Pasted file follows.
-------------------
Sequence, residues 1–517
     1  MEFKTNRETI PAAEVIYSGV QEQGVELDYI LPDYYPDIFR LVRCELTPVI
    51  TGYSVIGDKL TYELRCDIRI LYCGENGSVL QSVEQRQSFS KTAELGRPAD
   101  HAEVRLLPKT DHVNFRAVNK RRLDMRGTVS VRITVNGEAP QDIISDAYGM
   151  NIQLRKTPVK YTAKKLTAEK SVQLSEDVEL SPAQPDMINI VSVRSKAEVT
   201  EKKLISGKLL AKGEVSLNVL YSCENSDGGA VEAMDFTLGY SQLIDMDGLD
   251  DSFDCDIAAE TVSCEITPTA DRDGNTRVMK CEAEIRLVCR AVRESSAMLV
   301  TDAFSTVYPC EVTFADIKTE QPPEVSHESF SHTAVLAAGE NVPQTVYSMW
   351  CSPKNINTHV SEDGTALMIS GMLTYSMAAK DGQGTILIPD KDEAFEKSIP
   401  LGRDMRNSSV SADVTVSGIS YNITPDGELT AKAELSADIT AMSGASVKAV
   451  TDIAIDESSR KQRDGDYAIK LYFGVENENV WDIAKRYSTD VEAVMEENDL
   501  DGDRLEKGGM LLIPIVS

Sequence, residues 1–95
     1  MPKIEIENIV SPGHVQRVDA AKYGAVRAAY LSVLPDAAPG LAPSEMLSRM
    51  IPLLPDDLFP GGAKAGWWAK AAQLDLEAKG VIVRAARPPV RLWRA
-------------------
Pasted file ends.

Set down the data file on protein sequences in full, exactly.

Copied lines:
Sequence, residues 1–517
     1  MEFKTNRETI PAAEVIYSGV QEQGVELDYI LPDYYPDIFR LVRCELTPVI
    51  TGYSVIGDKL TYELRCDIRI LYCGENGSVL QSVEQRQSFS KTAELGRPAD
   101  HAEVRLLPKT DHVNFRAVNK RRLDMRGTVS VRITVNGEAP QDIISDAYGM
   151  NIQLRKTPVK YTAKKLTAEK SVQLSEDVEL SPAQPDMINI VSVRSKAEVT
   201  EKKLISGKLL AKGEVSLNVL YSCENSDGGA VEAMDFTLGY SQLIDMDGLD
   251  DSFDCDIAAE TVSCEITPTA DRDGNTRVMK CEAEIRLVCR AVRESSAMLV
   301  TDAFSTVYPC EVTFADIKTE QPPEVSHESF SHTAVLAAGE NVPQTVYSMW
   351  CSPKNINTHV SEDGTALMIS GMLTYSMAAK DGQGTILIPD KDEAFEKSIP
   401  LGRDMRNSSV SADVTVSGIS YNITPDGELT AKAELSADIT AMSGASVKAV
   451  TDIAIDESSR KQRDGDYAIK LYFGVENENV WDIAKRYSTD VEAVMEENDL
   501  DGDRLEKGGM LLIPIVS

Sequence, residues 1–95
     1  MPKIEIENIV SPGHVQRVDA AKYGAVRAAY LSVLPDAAPG LAPSEMLSRM
    51  IPLLPDDLFP GGAKAGWWAK AAQLDLEAKG VIVRAARPPV RLWRA